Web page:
Wednesday, October 7, 2009

Energy Positive

The world's first energy positive office building, Elithis Tower, has opened in Dijon, France. Designed by Arte Charpentier Architects, the design and construction of the 10 story building was a conceptual challenge by Thierry Bievre, the General Director of Elithis Engineering. Surpassing net-zero, the building utilizes solar panels, recovered emissions, and solar shading to minimize solar heat gain. The building also employs over 1,600 emission-analyzing sensors to continuously monitor and display energy usage to the occupants. Surplus energy is fed back into the grid. Surprisingly, at 54,000 square feet and costing only 10 million, the office building is reasonably priced compared to typical office buildings of similar size.
According to the design firm Skidmore Owings and Merrill (SOM), energy positive buildings are the result of performative design, where four specific goals are engaged; reduction, absorbtion, reclamation, and generation. Whereas reduction and reclamation deal with the efficient use and re-use of energy available, absorbtion is the act of harvesting other available energy streams into the building. "Following the example of nature, don't shed water, absorb it." Of course, with the efficient use and re-use of energy, and the maximizing of available energy streams and technologies, the ability to generate positive energy and other potential effects becomes possible.
Pearl River Tower, the design for a skyscraper in China is another example of positive energy producing buildings but at a larger scale. Not only will the Pearl River Tower return energy to the grid, but due to it's size and efficiency,
several floors of rentable office space were actually added to the design at no additional cost. The building height and form channel the prevailing winds through large openings in the mechanical floors that contain energy harnessing wind turbines. The louvres on the southern facade, which act as both solar shade and light shelf, have integrated photovoltaics that power internally mechanized shades on the same facade. The opposite facade is constructed as a double skinned curtain wall that forms a thermal barrier between the exterior and the interior, and ventilates vertically. The heat and moisture that is trapped and allowed to rise naturally is removed at every other floor level and is used in the building's dehumidification system.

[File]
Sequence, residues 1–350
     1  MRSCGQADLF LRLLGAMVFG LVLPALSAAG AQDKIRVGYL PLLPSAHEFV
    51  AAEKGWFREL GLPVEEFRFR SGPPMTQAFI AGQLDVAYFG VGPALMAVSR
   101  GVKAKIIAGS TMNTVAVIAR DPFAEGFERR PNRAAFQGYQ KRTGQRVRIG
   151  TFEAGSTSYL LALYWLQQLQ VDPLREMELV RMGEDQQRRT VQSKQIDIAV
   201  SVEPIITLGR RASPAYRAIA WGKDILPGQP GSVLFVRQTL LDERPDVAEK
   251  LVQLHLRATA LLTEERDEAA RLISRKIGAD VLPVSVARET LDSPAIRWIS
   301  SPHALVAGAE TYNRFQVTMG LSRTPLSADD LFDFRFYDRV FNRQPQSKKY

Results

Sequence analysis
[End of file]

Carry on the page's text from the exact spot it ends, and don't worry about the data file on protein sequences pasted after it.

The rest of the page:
Imagine several Pearl River Towers grouped together in an urban area. Each building, connected by these infrastructural systems, workng their own day job, providing physical space for day jobs, but producing energy at the same time. If connected, this network of super-efficient buildings could themselves be integrated into the local power grid and act as both infrastructure and power plant. By producing and distributing the surplus energy locally to their immediate surroundings, the buildings can replace the traditional infrastructure which is externally produced and delivered. Power generated off-site, which typically involves the consumption of fossil fuels or nuclear reaction, is inefficient and expensive due to production methods and the need to send power great distances through service lines. The need for large power plants and lengths of inefficient infrastructure is drastically reduced. The buildings themselves serve as producer and supplier, not to mention the effect of increased community interaction, education, and awareness of power needs and methods.

Elithis Tower seen on Inhabitat. Images via Arte Charpentier Architects. Pearl River Tower images via SOM.

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